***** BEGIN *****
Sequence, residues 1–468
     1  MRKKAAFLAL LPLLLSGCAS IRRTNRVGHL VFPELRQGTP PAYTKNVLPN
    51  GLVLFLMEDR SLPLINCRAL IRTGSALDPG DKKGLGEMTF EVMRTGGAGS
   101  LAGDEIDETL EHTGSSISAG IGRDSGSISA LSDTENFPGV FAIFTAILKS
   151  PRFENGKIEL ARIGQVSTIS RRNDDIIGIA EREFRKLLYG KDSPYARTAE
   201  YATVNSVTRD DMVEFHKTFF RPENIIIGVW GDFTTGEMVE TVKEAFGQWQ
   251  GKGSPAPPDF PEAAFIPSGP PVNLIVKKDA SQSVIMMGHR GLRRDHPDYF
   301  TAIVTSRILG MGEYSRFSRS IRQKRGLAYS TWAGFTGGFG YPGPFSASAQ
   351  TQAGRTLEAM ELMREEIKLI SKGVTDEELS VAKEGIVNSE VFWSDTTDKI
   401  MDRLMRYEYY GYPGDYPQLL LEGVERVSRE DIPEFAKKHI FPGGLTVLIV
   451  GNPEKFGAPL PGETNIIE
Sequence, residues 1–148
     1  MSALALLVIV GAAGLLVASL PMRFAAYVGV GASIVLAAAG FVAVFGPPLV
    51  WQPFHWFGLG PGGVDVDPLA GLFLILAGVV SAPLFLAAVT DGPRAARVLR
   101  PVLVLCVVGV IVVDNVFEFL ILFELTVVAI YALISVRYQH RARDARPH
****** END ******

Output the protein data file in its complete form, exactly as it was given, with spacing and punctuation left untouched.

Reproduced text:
Sequence, residues 1–468
     1  MRKKAAFLAL LPLLLSGCAS IRRTNRVGHL VFPELRQGTP PAYTKNVLPN
    51  GLVLFLMEDR SLPLINCRAL IRTGSALDPG DKKGLGEMTF EVMRTGGAGS
   101  LAGDEIDETL EHTGSSISAG IGRDSGSISA LSDTENFPGV FAIFTAILKS
   151  PRFENGKIEL ARIGQVSTIS RRNDDIIGIA EREFRKLLYG KDSPYARTAE
   201  YATVNSVTRD DMVEFHKTFF RPENIIIGVW GDFTTGEMVE TVKEAFGQWQ
   251  GKGSPAPPDF PEAAFIPSGP PVNLIVKKDA SQSVIMMGHR GLRRDHPDYF
   301  TAIVTSRILG MGEYSRFSRS IRQKRGLAYS TWAGFTGGFG YPGPFSASAQ
   351  TQAGRTLEAM ELMREEIKLI SKGVTDEELS VAKEGIVNSE VFWSDTTDKI
   401  MDRLMRYEYY GYPGDYPQLL LEGVERVSRE DIPEFAKKHI FPGGLTVLIV
   451  GNPEKFGAPL PGETNIIE
Sequence, residues 1–148
     1  MSALALLVIV GAAGLLVASL PMRFAAYVGV GASIVLAAAG FVAVFGPPLV
    51  WQPFHWFGLG PGGVDVDPLA GLFLILAGVV SAPLFLAAVT DGPRAARVLR
   101  PVLVLCVVGV IVVDNVFEFL ILFELTVVAI YALISVRYQH RARDARPH